An example of North American slang is the word asshole, most often addressed to a man. “No, but that doesn't explain why Tim acts like such a major asshole”, McDermott says, trying to catch up with me” (Ellis, 1991, p. 126). The use of slang occupies an important place in the novel. Slang units are concentrated in certain semantic groups like clothing, drugs, drinks, money, etc.
Paying attention to the most used obscene word – fuck, it is estimated to be used 185 times in the text, which makes it the most used word in the text. This word is one of the most used taboo words in the novel: “What in the fuck is Morrison wearing?”, Preston asks himself. “Is that really a glen-plaid suit with a checkered shirt?” (Ellis, 1991, p. 86).
Since the protagonist of the novel is a homophobe, he does not miss the opportunity to give a negative assessment or call a representative of unconventional sexual orientation: “I move like a zombie toward Bloomingdale's, where I rush over to the first tie rack I see and murmur to the young faggot working behind the counter, “Too, too fabulous”, while fondling a silk ascot. “He flirts and asks if I'm a model. “I'll see you in hell”, I tell him and move on” (Ellis, 1991, p. 425).
You can find not only American, but also British vulgar slang in the text of the novel. “I scream at him only once: “Fucking stupid bastard. Fucking stupid bastard” (Ellis, 1991, p. 514). The word bastard has more British rather than American origin and has a more neutral connotation than the other obscene vocabulary in the novel.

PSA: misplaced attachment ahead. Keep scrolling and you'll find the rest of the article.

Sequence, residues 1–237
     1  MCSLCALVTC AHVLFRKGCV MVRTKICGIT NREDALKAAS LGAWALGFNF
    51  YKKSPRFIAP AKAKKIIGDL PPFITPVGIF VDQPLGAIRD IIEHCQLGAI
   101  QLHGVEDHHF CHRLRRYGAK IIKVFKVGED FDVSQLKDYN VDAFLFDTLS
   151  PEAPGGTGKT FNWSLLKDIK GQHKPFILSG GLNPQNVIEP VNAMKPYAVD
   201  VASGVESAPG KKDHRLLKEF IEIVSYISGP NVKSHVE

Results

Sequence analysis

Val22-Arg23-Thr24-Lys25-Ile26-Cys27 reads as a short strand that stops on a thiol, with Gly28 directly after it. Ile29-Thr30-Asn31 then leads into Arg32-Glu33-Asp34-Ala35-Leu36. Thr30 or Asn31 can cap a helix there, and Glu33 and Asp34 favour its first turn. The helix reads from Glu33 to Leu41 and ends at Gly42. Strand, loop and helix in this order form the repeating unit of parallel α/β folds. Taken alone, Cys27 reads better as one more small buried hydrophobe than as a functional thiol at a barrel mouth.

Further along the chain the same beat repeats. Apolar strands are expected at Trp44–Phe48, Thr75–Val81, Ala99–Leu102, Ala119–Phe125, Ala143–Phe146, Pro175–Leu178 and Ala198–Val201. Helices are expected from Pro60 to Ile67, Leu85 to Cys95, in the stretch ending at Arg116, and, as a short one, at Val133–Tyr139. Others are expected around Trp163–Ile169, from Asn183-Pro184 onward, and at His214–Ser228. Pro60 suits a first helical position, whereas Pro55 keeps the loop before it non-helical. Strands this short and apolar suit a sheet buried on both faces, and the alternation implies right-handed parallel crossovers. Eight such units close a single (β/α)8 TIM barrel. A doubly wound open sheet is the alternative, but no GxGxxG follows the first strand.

“You complete jerk”. Anne smiles, relieved. “You're funny” (Ellis, 1991, p. 229). – “I snarl at her, “You’re a fool. I can’t cope with this” (Ellis, 1991, p. 197). Slang expressions are a feature of transgressive fiction, along with obscene vocabulary. Characters in the novel use slang expressions during small talk with colleagues: “This is really super. How'd a nitwit like you get so tasteful?” (Ellis, 1991, p. 105). Another example of slang use: “Now – with the other hand I pull out my gazelle skin wallet – we would like to enjoy some fine Cuban cigars afterwards and we don't want to be bothered by some loutish” (Ellis, 1991, p. 111).
Merriam-Webster dictionary provides the following definition of loutish means uncouth in manners or appearance, resembling or befitting a lout. In translation from English it means a person without manners, with boorish behavior (Merriam-Webster's Dictionary and Thesaurus, 2014). The following slang example: “And how do you drop this little tidbit of info?” Van Patten asks” (Ellis, 1991, p. 67). The Merriam-Webster's dictionary gave several definitions of tidbit: 1) a choice morsel of food; 2) a choice or pleasing bit (as of information), i.e. a tasty piece or spicy news. The author appeals to the slang to emphasize the figurativeness of his characters and gives brightness to the narrative (Merriam-Webster's Dictionary and Thesaurus, 2014).